Oleg Lego (in email@example.com) said:
| The Morris Dovey entity posted thusly:
|| Oleg Lego (in firstname.lastname@example.org) said:
||| But you can sure by a lot of jigs, fixtures and accessories (not
||| to mention routers and tables), for what you'd have to spend on a
|| Starting out, I was afraid to consider used equipment and wasn't
|| aware that there were some really good buys to be had. Had I known
|| how to look for used equipment, I'd have paid far less (perhaps a
|| fifth or a fourth as much) for a good used machine.
| Hmm... sounds interesting. My situation, being a hobbyist only sort
| of dictates how much I can spend without the profit justification.
|| If I'd known what I've learned _since_ buying my machine, I'd
|| almost certainly have paid to have a table and gantries welded up
|| and then built the rest myself. Three-axis controller cards and
|| stepper motors are available off-the-shelf.
|| I've been thinking seriously about CNC conversions for mini-mill
|| (HF) and mini-lathe (Griz) for making small metal parts for the
|| woodshop. Either can be built using all new components for under
|| $2K. I have a programming background and was able to write the
|| driver software for a $200 controller card in about an hour. It's
|| /not/ rocket surgery!
There are pix of both machines at Steele's website (link below).
| I'm a programmer as well, and do mostly assembler on micros, VB and
| some C/C++ on PCs (Windows, usually, but prefer Linux). I don't know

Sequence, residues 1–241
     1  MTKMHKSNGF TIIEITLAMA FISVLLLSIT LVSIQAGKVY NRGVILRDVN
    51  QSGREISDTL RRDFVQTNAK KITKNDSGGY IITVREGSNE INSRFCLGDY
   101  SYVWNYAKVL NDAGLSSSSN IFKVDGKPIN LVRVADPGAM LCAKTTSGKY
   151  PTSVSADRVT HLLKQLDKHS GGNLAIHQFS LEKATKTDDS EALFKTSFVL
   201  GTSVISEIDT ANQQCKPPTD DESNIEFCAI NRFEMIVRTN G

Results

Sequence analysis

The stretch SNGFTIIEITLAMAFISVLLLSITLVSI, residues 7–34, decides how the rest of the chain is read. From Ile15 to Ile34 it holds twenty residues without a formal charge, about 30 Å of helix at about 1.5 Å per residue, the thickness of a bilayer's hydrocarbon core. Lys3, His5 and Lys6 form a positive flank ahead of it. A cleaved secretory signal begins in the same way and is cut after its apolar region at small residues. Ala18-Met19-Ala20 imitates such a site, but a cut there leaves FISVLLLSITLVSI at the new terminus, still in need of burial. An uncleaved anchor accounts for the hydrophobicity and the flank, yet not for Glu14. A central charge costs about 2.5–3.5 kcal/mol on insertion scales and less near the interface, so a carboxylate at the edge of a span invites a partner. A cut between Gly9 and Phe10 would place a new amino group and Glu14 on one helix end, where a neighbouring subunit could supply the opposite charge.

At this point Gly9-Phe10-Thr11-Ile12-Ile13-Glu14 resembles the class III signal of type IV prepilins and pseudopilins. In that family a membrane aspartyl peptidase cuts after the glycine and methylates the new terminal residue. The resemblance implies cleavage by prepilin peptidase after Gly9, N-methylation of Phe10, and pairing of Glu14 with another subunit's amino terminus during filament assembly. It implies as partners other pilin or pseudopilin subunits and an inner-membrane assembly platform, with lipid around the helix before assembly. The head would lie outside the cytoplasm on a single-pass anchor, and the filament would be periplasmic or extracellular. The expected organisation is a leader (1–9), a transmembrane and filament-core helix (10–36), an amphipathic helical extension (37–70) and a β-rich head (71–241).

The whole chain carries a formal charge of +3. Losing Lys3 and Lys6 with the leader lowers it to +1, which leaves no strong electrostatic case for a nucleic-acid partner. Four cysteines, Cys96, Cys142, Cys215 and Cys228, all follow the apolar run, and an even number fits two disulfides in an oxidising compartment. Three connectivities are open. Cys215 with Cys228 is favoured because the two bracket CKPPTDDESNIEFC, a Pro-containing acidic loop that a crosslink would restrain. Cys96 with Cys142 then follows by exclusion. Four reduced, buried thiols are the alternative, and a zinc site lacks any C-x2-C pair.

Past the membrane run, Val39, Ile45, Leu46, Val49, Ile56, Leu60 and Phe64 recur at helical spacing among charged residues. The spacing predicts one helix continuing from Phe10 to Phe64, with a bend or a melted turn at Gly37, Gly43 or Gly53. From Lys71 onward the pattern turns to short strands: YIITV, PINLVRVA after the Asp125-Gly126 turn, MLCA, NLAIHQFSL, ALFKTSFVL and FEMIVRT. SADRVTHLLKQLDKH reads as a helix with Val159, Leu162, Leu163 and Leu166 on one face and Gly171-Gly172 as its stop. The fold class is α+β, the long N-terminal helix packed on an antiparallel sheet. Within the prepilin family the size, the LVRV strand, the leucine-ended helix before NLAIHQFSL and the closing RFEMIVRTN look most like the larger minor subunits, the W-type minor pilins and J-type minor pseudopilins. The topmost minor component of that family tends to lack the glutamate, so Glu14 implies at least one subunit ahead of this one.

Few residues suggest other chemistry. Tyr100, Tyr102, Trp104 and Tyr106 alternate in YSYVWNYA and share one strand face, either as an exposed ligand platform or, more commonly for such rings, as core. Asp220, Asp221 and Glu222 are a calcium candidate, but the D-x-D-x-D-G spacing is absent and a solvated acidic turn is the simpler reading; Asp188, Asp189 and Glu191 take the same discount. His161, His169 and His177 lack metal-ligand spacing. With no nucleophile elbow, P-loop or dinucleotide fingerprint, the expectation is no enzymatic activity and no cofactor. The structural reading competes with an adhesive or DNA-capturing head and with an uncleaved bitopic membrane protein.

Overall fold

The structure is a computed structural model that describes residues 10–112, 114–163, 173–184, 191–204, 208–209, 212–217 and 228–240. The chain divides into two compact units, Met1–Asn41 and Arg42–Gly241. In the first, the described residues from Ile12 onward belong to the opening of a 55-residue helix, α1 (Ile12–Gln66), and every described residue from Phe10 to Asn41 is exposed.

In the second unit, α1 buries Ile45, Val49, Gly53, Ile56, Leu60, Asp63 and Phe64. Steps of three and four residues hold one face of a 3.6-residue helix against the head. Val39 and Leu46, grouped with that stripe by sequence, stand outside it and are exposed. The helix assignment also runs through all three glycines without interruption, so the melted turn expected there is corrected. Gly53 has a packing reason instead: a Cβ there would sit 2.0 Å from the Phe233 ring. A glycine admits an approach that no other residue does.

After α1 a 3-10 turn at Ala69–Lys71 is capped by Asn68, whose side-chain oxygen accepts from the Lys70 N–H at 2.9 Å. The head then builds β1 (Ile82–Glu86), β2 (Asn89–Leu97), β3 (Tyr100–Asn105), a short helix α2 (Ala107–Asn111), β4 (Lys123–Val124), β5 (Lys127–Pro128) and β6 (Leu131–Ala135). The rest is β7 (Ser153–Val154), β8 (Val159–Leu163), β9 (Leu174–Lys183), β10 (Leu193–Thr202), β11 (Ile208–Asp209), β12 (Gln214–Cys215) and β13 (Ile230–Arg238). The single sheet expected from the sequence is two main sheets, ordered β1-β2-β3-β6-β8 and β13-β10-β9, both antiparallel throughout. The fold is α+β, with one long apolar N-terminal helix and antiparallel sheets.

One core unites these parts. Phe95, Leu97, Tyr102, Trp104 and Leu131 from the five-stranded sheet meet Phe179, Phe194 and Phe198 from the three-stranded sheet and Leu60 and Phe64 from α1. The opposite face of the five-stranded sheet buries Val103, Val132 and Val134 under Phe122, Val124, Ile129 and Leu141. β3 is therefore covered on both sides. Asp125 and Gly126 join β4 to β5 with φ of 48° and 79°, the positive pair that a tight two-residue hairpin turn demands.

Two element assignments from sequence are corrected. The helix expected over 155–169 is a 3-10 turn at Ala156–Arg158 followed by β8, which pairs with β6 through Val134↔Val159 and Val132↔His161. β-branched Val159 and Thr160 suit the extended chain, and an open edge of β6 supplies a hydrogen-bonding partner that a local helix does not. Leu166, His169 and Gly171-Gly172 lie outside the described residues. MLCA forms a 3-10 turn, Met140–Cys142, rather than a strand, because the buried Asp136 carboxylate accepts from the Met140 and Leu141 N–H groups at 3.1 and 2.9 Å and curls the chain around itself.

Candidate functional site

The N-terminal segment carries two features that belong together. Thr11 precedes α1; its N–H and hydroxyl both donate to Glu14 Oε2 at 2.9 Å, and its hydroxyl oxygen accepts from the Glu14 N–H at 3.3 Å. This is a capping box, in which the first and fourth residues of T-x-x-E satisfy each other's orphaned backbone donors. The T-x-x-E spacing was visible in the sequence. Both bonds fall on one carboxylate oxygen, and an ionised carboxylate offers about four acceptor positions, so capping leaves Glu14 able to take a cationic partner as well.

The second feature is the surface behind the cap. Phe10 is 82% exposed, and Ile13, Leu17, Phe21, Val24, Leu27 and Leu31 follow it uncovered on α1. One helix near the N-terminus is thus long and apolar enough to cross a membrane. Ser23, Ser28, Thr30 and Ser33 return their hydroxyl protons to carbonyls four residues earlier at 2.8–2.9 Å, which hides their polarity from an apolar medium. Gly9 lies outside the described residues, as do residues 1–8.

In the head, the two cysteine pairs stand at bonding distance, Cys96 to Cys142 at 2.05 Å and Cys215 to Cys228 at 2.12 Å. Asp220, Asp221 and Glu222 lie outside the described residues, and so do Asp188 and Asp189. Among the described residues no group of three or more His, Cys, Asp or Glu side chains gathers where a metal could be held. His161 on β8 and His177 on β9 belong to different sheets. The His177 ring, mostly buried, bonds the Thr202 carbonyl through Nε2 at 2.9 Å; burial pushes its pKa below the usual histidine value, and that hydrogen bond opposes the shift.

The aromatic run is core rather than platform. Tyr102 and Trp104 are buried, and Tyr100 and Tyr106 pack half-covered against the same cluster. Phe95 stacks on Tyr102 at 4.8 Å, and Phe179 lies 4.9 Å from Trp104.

| if I have enough confidence in my programming abilities to buy the
| hardware 'on spec' and to write the software later.
Ok, then take my approach - download the controller interface spec and
write the software before you commit the funds. I found hardware
conversion kits at http://www.stirlingsteele.com /, downloaded the I/F
specs and wrote a driver skeleton and some simplistic software unit
test code to see how difficult it might be - and it wasn't! I wrote
the code on a Linux system using nedit and gcc; but it works equally
well under MSDOS using Borland TurboC 3.0 (a blatent plug for writing
ISO/IEC-9899 compliant C code). Go ahead and give it a shot - and
e-mail me if you get stuck. I could send you the code now; but then
you'd lose the brag of having done it all yourself. :-)
|| There was a recent thread with a Dutch OP who built a CNC router
| Was that on the ShopBot or CNCZone forums?
It was HERE! :-)
The gentleman's name is Martin de Roode and his website is at
|| I'll guess that machine put him out of pocket less than $1K, and
|| could be modified (only slightly) to become a wonderfully flexible
|| CNC joinery machine capable of out-performing any/all of the
|| off-the-shelf passive joinery machines - and produce joints
|| impossible/impractical with templates.
| $1K sounds like my kind of price. For a few years, I made vinyl
| signs, and kept looking at my vinyl cutter, thinking "I could make
| a CNC router", but never did try. I even bought a video from a
| fellow who had made a CNC table using (of all things), alternators
| as stepper motors. Misplaced both the video and his name/email
| address years ago, though.
My kind of person! Martin used drawer slides as linear bearings -
something that'd never have occurred to me, although it seemed obvious
after seeing his machine. Alternators - hmmm...
|| Best of all, there's a _lot_ of free help available. The ShopBot
|| and CNCZone forums (both of which welcome visitors) have been of
|| considerable help to me.
| I'll look for the forums.
DeSoto, Iowa USA